Saturday, June 22, 2019

Racial Healing and Why Focusing on It Doesn't Help

Mandatory watching in schools and completely historically inaccurate.
Whether during black history month or the recent remembrance of the emancipation proclamation, our nation likes to focus on the racist elements of our history. And many, particularly those in University settings, pivot from telling of a racist history to speaking of "structural racism" that still remains. They point to gaps in achievement, incarceration, and wealth and argue that this is due either to the dark history of racism and Jim Crow or due to ongoing unstated racism.

There is rarely a single solution provided to fix the problem. Some point to police reform. Some point to reparations. Some point to whites "checking their privilege" (whatever that means). But the primary response to the problem seems to me to be one of ongoing apologies. We commemorate Martin Luther King's birthday. We commemorate various aspects of slavery. We show our kids "Roots." Many straight up apologize for being white. Many Christian denominations have issued apologies and roadmaps to racial reconciliation.

It seems that whatever the solution to racial divides are, everyone agrees that lots of talking about it will help.

But I disagree.

Three things can happen when we focus on race:
1) Things can get better
2) Things can stay the same
3) Things can get worse

There are a lot of people who assume that the way to fix race relations in America is to focus on them. I disagree completely. Focusing on race makes things worse by giving people the idea that every slight is probably due to racism.

When I was a kid, my family were vegetarians. And we were overweight. And we had weird names. My name was Lewis Ungit and my siblings had similarly unusual names. We were also poor and wore old clothes, cheap shoes and drove broken down cars. I had a twisted front tooth that I was always self conscience about.  As I grew up, I always felt like an outsider. In my mind, my outsider status was inherent to being a Ungit. Ungits did not fit in. So, if I was picked last on a sports team, I assumed it was because I was a Ungit. If other guys got girlfriends and I did not, it was because I was a Ungit. If the teacher didn’t like me, it was because I was a Ungit. This was my mindset for most of my childhood and even the first few years of my adulthood. But then I realized something that changed the way I viewed life. I realized that many people experienced similar things. Many people are picked last. Many kids are not super popular. Many people are not liked by teachers. Many people feel like outsiders. And it is not because they are Ungits. In fact, it many of the things that I thought made me an outsider actually could, at least in theory, be endearing and draw others to me.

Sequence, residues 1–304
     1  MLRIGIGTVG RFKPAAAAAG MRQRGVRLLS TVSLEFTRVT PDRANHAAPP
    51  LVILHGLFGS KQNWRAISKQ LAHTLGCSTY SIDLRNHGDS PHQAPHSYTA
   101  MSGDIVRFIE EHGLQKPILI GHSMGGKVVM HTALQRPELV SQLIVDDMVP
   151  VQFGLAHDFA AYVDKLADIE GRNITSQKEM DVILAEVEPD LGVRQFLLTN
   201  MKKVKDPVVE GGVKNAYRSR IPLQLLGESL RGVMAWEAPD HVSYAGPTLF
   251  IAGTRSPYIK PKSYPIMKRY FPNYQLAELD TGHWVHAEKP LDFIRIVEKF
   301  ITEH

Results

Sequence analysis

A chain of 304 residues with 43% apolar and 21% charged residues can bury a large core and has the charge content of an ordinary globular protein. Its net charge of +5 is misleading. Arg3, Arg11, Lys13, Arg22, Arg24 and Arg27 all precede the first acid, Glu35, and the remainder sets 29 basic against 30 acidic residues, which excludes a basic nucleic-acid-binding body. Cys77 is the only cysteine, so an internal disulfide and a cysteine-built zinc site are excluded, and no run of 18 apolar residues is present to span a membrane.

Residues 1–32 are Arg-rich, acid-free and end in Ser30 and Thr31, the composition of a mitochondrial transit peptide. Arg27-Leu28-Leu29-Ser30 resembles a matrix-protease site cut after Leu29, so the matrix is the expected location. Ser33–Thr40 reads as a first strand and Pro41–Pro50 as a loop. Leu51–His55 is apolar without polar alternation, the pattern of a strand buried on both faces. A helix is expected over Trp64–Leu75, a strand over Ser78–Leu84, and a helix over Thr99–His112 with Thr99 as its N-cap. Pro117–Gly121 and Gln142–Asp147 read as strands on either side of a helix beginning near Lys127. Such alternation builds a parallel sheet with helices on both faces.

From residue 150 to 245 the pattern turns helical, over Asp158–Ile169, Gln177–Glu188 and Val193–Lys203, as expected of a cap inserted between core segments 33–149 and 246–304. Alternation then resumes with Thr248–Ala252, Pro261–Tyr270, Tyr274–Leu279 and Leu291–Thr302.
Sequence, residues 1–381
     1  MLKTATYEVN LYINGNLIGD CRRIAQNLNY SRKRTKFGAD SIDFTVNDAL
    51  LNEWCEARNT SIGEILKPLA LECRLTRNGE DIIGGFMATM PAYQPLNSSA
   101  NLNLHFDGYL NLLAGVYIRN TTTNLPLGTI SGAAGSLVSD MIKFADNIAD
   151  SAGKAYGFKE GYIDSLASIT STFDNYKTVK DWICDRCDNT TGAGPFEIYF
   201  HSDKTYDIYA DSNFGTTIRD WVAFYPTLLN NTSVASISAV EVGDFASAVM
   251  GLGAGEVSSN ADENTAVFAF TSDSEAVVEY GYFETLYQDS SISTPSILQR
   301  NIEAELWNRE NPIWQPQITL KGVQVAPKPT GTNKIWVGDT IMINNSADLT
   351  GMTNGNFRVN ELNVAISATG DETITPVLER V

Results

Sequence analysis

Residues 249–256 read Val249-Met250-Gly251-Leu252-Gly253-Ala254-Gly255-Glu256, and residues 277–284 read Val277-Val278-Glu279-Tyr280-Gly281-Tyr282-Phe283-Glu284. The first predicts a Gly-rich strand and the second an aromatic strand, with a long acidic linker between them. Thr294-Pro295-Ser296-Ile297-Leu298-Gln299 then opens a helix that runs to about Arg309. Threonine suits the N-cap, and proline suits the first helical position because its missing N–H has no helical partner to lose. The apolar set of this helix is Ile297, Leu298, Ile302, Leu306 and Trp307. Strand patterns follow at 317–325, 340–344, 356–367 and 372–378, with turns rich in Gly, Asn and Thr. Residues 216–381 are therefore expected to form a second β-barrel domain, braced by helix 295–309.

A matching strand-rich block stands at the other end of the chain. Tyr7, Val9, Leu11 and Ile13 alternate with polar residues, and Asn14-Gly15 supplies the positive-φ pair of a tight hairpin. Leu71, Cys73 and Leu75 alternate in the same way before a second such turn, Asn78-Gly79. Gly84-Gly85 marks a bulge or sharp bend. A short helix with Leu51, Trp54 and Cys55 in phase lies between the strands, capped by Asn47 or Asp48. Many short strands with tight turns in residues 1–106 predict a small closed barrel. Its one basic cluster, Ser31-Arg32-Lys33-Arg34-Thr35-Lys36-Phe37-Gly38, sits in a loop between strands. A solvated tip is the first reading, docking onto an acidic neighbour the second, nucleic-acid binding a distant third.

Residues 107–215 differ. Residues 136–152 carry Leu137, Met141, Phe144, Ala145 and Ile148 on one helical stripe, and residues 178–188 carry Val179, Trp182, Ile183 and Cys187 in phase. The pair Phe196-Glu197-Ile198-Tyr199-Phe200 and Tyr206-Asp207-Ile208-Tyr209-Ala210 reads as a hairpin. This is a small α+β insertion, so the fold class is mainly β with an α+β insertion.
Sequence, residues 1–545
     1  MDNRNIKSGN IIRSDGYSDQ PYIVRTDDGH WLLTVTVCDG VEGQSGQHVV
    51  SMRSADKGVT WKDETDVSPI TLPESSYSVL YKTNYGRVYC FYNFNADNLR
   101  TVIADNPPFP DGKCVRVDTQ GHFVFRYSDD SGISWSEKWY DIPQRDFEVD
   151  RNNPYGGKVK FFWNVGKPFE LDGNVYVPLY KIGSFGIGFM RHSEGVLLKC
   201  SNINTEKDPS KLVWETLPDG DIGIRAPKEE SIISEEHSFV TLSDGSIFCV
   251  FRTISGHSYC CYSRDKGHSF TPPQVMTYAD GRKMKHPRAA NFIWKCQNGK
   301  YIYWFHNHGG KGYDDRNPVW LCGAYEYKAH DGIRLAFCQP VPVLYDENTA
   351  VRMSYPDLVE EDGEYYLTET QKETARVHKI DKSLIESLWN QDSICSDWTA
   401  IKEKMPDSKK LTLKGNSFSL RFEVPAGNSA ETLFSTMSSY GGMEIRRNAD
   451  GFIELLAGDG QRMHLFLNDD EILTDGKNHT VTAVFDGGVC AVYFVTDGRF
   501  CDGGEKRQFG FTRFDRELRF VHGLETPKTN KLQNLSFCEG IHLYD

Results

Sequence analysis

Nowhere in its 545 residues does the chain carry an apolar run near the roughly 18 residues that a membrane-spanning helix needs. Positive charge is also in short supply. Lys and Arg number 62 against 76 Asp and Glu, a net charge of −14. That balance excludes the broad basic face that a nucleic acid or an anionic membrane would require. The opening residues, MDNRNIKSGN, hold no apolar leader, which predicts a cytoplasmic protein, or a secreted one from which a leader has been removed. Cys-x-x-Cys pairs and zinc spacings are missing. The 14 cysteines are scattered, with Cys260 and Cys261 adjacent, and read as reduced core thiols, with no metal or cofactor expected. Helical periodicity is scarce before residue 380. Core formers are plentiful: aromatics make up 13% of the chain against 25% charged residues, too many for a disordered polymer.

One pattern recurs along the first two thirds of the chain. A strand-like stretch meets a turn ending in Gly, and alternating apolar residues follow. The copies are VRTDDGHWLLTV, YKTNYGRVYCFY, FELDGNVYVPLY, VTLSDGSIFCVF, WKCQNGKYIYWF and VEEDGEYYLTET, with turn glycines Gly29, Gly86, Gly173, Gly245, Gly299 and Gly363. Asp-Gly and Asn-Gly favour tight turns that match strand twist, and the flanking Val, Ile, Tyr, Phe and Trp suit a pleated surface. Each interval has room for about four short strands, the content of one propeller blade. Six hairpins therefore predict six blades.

Assuming that everyone dislikes you because of something fundamental to your nature (your family, ethnicity, or race) makes you sort of neurotic. 

And when we tell people that white people are subconsciously racist. That there is structural racism. That the whole history of the USA was built on racism.... When we tell people these things, we are doing to them what many do to themselves, we are suggesting that every bad thing that comes their way very well may be the result of racism. 

I remember hearing a black woman tell a story about being at a party. A man (white) came in and went around the room talking to people, shaking hands and saying hi. Right before he got to her, he stopped. She was the one person he did not greet. She acknowledged that this probably was not due to racism. He probably got distracted or thought he already said hi. There are countless reasons for this. I can personally remember similar slights happening to me. But she noted, in telling her story, that she could not help but consider racism as a possibility. 

And I can see why. If you have been told your whole life that the country has a racist past and that most people are still racist on some level, it would be hard not to think in those terms. Imagine growing up and being told that you were in a system that was always against you (and the date can even be named 1619) and the system is still against you. There is an unconscious hatred for you in almost all people.How in the world is that healthy? What are we doing? Why in the world would we tell people that and somehow think that we are causing good to happen?

As I got older, I realized that my whole concern that people did not like me because I was an Ungit was ridiculous. I realized that everyone gets slighted. No one fits in all the time. Everyone feels like a loser some times. Everyone gets treated badly from time to time. Some of the blame for my problems was my own. I realized I needed to work harder to fit in and work harder on my social skills. Some of the blame was just finding the right people to hang out with (a bigger town helped). No one connects with everyone and everyone will feel out of place in some crowds.  None of this had to do with anything inherent in me. It was not my family, ethnicity, or race, that was the problem. I am glad I learned that lesson.